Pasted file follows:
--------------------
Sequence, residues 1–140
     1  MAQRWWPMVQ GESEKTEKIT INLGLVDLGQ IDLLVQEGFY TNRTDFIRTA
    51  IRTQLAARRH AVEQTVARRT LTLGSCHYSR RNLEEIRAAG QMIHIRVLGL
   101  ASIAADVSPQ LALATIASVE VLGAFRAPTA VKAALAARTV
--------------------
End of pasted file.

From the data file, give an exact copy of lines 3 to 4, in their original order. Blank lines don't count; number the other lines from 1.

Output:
    51  IRTQLAARRH AVEQTVARRT LTLGSCHYSR RNLEEIRAAG QMIHIRVLGL
   101  ASIAADVSPQ LALATIASVE VLGAFRAPTA VKAALAARTV